Somedays, it’s hard even getting up in the morning but I’m trying.  I’ve tried Water Aerobics for People with Arthritis and I actually went to class twice a week, I got a “part-time” job four years ago, my son and I will play at Steinway Hall in NYC again in June, we have plans for another trip to Scotland to see/hear the Edinburgh Tattoo again.  This year, we plan to go to Lockerbie, as well!

This is the one and only life I’ll ever have and I want to make the most of it!

 

Day Twenty-eight, Cushing’s Awareness Challenge 2015

 

I first saw a similar image to this one with the saying Life. Be in it at a recreation center when my son was little.  At the time, it was “Duh, of course I’m in it”.

The original image was one a couple males, a couple females and a dog walking/running.  No folks in wheelchairs, no older folks and certainly no zebras.

It would be nice to have everyone out there walking or running but that’s not real life, at least in the Cushie world.  It’s been a long time since I’ve really been In My Life – maybe it’s time to get back.

A dear friend who has not one, but two forms of cancer was traveling throughout Europe for the first time after her husband’s death wrote:

Some final words before I turn in for the night. If there is a spark of desire within you to do something which is not contrary to God’s Holy Law, find a way to make it happen. All things are possible and blessings abound for those who love Him. Life is such an adventure. Don’t be a spectator – live every single moment for Him and with Him.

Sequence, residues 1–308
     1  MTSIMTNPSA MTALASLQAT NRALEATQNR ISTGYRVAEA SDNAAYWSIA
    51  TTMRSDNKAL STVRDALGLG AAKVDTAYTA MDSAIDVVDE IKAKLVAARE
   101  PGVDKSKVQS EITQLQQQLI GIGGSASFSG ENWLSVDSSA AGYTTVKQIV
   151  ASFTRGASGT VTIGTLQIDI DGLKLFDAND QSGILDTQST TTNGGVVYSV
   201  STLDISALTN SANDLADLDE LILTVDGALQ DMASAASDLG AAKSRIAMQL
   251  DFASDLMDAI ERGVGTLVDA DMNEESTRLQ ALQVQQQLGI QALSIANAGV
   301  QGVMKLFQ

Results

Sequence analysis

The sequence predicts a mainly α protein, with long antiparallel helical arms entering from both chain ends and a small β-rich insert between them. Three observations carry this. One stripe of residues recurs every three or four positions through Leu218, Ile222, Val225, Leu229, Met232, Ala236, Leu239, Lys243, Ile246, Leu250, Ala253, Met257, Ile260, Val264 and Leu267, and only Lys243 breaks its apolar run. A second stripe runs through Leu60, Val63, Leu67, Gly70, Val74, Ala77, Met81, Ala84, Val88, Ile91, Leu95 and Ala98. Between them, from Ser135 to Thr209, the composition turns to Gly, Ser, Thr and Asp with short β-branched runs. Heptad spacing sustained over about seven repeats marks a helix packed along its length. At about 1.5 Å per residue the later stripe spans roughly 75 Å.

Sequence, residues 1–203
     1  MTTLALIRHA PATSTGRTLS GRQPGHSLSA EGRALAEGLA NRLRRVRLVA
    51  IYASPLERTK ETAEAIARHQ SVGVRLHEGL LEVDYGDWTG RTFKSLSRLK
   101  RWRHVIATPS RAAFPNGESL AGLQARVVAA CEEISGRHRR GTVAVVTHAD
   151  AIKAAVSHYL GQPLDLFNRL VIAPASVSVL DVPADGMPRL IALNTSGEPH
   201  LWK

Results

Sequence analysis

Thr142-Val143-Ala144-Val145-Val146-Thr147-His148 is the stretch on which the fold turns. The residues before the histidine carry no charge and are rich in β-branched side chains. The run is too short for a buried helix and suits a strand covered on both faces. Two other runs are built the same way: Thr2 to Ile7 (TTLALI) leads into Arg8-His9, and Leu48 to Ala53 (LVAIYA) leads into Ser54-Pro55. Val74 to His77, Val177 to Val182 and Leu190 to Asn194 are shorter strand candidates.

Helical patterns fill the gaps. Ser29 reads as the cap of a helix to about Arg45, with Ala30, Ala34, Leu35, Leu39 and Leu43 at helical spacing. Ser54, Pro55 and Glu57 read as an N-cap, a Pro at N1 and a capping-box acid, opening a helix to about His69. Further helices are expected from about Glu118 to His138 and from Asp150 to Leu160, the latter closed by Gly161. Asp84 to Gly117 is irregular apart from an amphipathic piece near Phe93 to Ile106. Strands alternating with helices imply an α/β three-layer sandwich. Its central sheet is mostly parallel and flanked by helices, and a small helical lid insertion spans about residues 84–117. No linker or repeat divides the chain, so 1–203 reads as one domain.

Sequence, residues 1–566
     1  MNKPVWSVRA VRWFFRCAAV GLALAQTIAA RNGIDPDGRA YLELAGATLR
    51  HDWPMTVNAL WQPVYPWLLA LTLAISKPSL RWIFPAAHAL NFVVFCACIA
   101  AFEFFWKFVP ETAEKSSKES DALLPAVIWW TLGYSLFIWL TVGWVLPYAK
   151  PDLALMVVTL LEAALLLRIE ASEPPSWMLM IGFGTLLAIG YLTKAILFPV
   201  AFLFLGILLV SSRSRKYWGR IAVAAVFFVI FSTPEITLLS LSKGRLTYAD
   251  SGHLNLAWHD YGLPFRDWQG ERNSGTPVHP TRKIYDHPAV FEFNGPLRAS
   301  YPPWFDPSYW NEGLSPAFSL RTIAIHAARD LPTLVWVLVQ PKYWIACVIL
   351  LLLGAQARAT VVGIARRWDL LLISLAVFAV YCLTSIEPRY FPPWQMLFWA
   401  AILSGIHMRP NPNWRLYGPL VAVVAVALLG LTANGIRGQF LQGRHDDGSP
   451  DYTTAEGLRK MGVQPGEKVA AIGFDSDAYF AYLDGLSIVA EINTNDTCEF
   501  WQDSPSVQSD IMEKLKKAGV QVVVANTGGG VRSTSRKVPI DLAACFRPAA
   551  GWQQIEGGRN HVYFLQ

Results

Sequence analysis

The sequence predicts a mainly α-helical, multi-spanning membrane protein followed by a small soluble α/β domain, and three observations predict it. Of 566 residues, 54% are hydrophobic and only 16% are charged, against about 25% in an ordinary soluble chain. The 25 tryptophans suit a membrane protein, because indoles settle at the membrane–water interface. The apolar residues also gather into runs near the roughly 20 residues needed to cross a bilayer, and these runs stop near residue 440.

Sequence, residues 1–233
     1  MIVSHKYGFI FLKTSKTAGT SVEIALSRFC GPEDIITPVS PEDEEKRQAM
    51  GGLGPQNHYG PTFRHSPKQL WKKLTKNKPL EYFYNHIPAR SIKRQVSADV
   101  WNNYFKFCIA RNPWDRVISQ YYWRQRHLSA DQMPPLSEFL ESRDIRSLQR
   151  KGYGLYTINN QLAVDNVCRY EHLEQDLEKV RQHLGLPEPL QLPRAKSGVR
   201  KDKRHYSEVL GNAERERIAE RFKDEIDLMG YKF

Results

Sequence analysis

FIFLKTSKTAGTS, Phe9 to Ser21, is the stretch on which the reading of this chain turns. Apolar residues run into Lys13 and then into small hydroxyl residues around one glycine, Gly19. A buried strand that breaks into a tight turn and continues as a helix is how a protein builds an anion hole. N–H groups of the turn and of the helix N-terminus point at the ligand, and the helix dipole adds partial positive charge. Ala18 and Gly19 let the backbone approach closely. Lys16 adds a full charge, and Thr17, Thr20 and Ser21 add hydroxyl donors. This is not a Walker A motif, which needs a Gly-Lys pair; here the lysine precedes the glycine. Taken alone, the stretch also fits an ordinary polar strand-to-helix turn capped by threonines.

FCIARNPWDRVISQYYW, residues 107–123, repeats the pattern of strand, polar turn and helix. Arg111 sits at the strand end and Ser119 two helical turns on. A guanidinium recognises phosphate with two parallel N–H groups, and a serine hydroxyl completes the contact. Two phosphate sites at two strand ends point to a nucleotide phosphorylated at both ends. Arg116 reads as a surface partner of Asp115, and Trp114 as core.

Somedays, it’s hard even getting up in the morning but I’m trying.  I’ve tried Water Aerobics for People with Arthritis and I actually went to class twice a week, I got a new part-time job two years ago, my son and I will play at Steinway Hall in NYC again in June, we have plans for a cruise in June, and a trip to Scotland to cross something off my Bucket List – seeing/hearing the Edinburgh Tattoo.

This is the one and only life I’ll ever have and I want to make the most of it!

 

 

Are you carrying adrenal Cushing’s syndrome without knowing it?

Genetic research that will be published tomorrow in the New England Journal of Medicine suggests to Dr. André Lacroix, professor at the University of Montreal, that clinicians’ understanding and treatment of a form of Cushing’s syndrome affecting both adrenal glands will be fundamentally changed, and that moreover, it might be appropriate to begin screening for the genetic mutations that cause this form of the disease.

“Screening family members of bilateral adrenal Cushing’s syndrome patients with  may identify affected silent carriers,” Lacroix said in an editorial in the Journal. “The development of drugs that interrupt the defective genetic chemical link that causes the syndrome could, if confirmed to be effective in people, provide individualized specific therapies for hypercortisolism, eliminate the current practice of removing both , and possibly prevent disease progression in genetically affected .”